Federal grand jury issues subpoenas in Detroit demo program

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A grand jury is now looking into allegations of corruption involving Detroit's demolition program.

And now subpoenas have been issued to multiple contractors and city agencies. Federal investigators want to make sure when it comes to contractors hired to do the demolition of land bank owned homes in Detroit that the numbers add up.

The city of Detroit says they have been open and transparent with federal investigators for over a year -but apparently that can't be said for some of the contractors involved.

The Detroit Land Bank with the help of the Detroit Building Authority has overseen the demolition of thousands of vacant houses in the city using federal money in the hardest hit areas of the city.

The program has been under a FOX 2 microscope for a while, prompting an exchange a couple years ago between Charlie LeDuff and Detroit Mayor Mike Duggan's chief of staff.

Charlie LeDuff: “The feds are looking into it now,"

"If they are indeed looking at what we are doing, we absolutely invite it," said chief of staff Alexis Wiley at the time. "Because everything we do is above board, we are kept to the highest standard and we are doing the best possible work."

Sources tell FOX 2 a federal grand jury has subpoenaed the records and communications of certain contractors who have previously won bids to do the demo of houses in the city for the land bank.

In light of this news the city echoed what they've previously said.

"We have fully cooperated with this investigation from the very beginning and will continue to do so," said Wiley, Duggan's chief of staff in a statement. "The mayor's position always has been that if anyone has done something wrong, they should be punished."

The mayor's office is willing to go a step further saying they have not been subpoenaed because they have handed over every piece of information requested by federal investigators.

FOX 2 has been looking into this matter for months and was told again today that Duggan and the mayor's office is not a target of the investigation. In fact there might not be any target at all.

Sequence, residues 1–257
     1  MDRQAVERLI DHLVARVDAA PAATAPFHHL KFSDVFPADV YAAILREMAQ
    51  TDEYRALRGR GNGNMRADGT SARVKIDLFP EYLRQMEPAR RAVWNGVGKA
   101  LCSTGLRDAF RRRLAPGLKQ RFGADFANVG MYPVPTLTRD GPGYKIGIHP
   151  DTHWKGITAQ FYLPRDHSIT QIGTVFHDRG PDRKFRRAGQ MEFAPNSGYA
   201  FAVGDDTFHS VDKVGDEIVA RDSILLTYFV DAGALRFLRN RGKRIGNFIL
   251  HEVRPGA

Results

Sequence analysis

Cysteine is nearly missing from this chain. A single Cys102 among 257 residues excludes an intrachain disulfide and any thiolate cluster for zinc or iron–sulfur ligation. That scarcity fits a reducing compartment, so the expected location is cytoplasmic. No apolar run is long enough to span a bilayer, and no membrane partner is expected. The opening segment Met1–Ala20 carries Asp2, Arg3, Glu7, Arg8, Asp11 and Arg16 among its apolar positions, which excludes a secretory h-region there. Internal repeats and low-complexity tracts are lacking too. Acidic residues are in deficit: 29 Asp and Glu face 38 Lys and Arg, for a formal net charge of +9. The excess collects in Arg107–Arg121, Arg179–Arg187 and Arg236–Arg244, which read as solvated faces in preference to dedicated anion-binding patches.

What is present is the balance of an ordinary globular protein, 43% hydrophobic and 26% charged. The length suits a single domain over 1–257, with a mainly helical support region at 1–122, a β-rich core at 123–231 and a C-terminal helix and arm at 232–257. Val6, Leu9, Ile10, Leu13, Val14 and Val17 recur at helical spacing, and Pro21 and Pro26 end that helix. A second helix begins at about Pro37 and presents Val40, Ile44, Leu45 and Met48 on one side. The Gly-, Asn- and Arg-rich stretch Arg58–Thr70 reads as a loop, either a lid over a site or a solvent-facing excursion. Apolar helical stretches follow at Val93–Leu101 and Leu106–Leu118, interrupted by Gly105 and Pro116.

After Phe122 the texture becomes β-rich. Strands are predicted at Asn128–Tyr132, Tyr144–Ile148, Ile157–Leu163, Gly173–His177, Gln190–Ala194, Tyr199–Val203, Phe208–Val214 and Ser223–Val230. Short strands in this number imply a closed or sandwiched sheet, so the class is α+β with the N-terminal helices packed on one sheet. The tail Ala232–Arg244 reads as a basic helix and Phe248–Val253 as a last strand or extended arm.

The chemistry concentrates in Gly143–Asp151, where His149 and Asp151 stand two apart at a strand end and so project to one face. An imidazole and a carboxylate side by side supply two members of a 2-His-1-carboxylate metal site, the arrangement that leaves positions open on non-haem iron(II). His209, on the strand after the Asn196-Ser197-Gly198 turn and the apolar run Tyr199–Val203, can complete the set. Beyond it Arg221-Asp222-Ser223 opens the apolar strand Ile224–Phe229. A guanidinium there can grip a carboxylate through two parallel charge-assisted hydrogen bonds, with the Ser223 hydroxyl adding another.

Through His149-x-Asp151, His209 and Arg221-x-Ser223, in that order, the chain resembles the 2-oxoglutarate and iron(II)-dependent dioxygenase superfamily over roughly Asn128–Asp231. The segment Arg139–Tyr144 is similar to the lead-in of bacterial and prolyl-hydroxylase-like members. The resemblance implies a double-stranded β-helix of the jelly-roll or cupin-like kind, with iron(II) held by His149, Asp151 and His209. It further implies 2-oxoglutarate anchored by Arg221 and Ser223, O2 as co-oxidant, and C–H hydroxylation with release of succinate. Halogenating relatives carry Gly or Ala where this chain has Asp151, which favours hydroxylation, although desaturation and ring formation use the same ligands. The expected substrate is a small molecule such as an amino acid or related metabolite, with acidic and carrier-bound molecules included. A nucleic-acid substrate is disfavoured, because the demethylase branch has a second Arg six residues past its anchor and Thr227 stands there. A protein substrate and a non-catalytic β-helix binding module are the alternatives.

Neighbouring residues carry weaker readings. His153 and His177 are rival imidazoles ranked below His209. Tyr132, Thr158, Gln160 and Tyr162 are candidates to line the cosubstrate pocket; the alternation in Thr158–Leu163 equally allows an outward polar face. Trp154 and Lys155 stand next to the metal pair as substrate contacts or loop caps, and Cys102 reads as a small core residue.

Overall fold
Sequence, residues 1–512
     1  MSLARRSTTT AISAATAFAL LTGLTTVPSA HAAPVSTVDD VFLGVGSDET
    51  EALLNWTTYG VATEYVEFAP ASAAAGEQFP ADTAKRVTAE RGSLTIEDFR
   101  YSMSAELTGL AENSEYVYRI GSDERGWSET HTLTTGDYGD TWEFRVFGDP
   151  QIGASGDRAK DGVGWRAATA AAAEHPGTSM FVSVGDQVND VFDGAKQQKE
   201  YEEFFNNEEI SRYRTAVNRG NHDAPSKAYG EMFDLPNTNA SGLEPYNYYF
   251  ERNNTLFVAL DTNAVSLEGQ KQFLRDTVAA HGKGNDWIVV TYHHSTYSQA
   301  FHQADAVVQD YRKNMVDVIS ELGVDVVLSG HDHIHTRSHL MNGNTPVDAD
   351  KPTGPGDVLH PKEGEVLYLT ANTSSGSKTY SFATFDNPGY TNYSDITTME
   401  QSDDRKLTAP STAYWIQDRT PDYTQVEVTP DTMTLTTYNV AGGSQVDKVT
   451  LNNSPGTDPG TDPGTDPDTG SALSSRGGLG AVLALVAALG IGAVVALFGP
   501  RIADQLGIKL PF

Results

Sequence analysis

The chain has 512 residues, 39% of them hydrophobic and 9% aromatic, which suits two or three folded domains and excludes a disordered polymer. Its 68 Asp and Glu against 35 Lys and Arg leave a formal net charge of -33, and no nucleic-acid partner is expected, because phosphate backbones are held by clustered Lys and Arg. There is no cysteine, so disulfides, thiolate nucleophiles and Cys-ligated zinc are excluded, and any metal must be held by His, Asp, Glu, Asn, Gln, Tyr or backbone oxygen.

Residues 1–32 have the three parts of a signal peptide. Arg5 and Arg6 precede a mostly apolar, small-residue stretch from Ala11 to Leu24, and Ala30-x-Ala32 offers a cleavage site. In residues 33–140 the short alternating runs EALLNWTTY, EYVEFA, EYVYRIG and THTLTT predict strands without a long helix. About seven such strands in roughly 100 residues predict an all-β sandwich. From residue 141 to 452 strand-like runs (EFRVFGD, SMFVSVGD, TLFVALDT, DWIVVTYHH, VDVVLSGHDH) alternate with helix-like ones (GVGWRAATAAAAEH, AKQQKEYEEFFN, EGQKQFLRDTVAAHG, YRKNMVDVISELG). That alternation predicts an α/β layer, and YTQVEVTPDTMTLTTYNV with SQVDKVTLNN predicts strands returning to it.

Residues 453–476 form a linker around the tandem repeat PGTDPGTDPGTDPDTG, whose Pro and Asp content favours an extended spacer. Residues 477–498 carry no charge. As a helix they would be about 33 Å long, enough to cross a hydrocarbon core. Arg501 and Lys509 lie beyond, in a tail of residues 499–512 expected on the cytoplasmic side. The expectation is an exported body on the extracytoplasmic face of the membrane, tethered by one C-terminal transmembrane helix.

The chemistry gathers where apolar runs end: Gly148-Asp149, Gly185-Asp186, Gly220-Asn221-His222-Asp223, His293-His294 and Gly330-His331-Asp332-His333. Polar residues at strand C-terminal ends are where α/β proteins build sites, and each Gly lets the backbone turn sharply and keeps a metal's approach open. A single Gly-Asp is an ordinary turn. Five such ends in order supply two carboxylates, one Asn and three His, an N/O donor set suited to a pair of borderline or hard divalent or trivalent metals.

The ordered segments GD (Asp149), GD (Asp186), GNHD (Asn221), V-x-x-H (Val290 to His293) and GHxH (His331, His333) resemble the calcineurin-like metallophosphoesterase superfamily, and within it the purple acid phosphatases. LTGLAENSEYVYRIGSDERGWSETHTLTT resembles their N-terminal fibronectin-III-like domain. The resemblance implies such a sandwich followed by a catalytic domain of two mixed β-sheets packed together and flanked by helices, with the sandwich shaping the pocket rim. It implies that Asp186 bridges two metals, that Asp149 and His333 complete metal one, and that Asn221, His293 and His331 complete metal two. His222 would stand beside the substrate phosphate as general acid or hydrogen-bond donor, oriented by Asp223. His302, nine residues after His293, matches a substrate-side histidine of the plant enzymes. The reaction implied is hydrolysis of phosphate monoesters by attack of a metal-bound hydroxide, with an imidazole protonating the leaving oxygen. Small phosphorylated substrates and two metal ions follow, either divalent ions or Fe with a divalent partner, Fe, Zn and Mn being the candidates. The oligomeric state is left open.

Subpoenaing information for the grand jury is just a legal means of getting information that a contractor may not willingly give up.
"The grand jury can request and subpoena certain records and documents and that would be coupled with live testimony," said defense attorney Jeffrey Collins. "And based on that they will make a determination on whether or not there is sufficient evidence to charge."

Unlike a criminal jury, they don't all need to agree to bind someone over on criminal charges, just need to find probable cause. 

"Probable cause is a relatively low standard," said Collins. "The joke back in law school the common phrase was you could indict a ham sandwich."

According to a spokesperson from Duggan's office the mayor himself does not sign off on every move the land bank and Detroit Building Authority does, rather the mayor appoints members and once they're in place, they are responsible for those actions.

Here is how a federal grand jury works - the prosecution gets to lay out its case with evidence and witnesses while the defense has no say. Then if a majority of jurors find probable cause, criminal charges are issued.  This process, unlike a preliminary hearing is not open to the public.

According to the mayor's office, the subpoenas go back to the start of the Duggan administration because when Mayor Dave Bing was in office, he had the funds but wasn't using them. Duggan used the first round of federal funds right before they were set to expire.